The publisher also takes aim at GA Voice, a publication in the early stages of organizing that is the creation of Laura Douglas-Brown, SoVo’s editor when the paper closed Nov. 16, and Chris Cash, who founded Southern Voice in 1988 and now lives in Texas. He also criticizes other outlets, including Project Q, for covering the development of the GA Voice without including mention of the Atlanta Free Press and existing publications including Gaydar and Pocket Rocket.
“I have to wonder what the real motivation for this could be?” Neumann writes. “We didn’t seem to matter at all when we announced our launch of our paper and even after we actually came out with a paper. It has been out for a week without comment from anybody.”
“A true journalist would check out both sides of a story and present both sides to the reader, for the reader to decide. This is more like commentary than news. This site, Project Q, seems to be more impartial than the others but once again we were never contacted for our side of the story or a reaction to it. So, if we wish to talk about a bad reputation, let’s ask the many folks who paid for ads in David and SoVo just days before the publications demise, what do they think?” Neumann adds.
He also criticizes the lack of mention of his publications, or other LGBT outlets, during a Dec. 3 public meeting in which Douglas-Brown and Cash pledged GA Voice to represent all aspects of metro Atlanta’s LGBT population. “Inclusion is very important to us,” Douglas-Brown said at the meeting.
“Let’s review the facts from the Save SoVo town hall meeting and let’s be truthful about what went on there. What was the attendance? 80? Or more like 60 and once you subtract the 30 plus former David/SoVo employees and the church staff what was the real turn out?” Neumann writes.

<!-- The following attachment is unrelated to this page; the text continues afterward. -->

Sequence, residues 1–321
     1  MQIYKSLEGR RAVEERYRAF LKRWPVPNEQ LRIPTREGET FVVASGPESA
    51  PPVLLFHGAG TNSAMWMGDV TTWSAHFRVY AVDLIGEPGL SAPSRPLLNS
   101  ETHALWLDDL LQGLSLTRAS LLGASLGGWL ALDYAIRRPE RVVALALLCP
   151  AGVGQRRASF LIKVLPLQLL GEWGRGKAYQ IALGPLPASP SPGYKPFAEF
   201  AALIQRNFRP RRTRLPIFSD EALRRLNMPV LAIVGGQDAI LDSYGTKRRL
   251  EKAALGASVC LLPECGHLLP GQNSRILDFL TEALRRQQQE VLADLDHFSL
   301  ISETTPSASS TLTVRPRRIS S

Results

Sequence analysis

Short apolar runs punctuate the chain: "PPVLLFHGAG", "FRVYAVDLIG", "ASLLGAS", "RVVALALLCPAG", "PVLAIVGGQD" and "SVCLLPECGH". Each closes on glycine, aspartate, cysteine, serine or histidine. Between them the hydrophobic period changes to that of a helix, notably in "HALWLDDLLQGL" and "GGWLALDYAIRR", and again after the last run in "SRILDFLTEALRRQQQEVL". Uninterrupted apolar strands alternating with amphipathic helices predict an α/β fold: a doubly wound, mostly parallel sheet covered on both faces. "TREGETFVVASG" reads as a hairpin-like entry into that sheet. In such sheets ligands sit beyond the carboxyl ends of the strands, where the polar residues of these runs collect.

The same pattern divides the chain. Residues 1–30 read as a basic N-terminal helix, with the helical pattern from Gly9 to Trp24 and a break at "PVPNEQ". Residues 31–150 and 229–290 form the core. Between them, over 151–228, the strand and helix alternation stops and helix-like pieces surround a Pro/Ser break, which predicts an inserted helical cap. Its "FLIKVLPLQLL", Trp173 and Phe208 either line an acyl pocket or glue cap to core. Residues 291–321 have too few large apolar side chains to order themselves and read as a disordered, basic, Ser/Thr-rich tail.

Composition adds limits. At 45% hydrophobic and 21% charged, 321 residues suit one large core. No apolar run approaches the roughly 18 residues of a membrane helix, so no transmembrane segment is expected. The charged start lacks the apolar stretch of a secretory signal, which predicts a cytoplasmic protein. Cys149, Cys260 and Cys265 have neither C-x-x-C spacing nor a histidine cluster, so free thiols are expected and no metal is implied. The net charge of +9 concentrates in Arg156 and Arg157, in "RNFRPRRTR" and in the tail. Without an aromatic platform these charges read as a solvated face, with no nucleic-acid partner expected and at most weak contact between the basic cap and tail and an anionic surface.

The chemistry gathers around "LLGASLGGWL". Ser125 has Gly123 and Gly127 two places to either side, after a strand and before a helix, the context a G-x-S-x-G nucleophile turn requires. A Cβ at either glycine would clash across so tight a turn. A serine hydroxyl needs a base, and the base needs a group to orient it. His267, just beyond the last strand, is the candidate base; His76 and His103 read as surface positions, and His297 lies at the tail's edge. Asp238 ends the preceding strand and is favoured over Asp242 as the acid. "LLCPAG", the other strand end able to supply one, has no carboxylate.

“Perhaps a dozen folks had a chance to comment or question Chris Cash and Laura Douglas-Brown about the new paper. What was the question most asked? ‘Will you do a better job representing the entire community?’ ‘Will they be more fair and balanced?’ Will they?” he adds.
“At that meeting, despite having been invited to the meeting, the statement was made to the attendees several times by Ms. Cash and Ms. Brown that Atlanta needed them so much because there were ‘no’ other LGBT publications in Atlanta, since Labrys folded all that remained was Project Q. Again a surprise to us since we had already announced the launch date for the Atlanta Free Press, Gaydar’s 10 months of being in existence along with Pocket Rocket as well. Truth and honesty in reporting? Honestly,” Neumann adds.
Neumann also writes that he and his company invited former Southern Voice and David staffers to a lunch just days after the publications closed Nov. 16 and offered to hire them. During the session, he says he would step aside as editor of Gaydar to make room for the new staff who could run both Gaydar and Atlanta Free Press.
“I stated to them that our community had been through enough this past year. Let’s join together and provide our community with a fine magazine and newspaper. Let’s not start a media war,” Neumann writes. “Anything you need I offered. Just to be turned down a day later. A few staff stated they would but by the next day declined our offer. So much for a desire to see a newspaper come out.”
Read Neumann’s full post. (View it below the linked post.)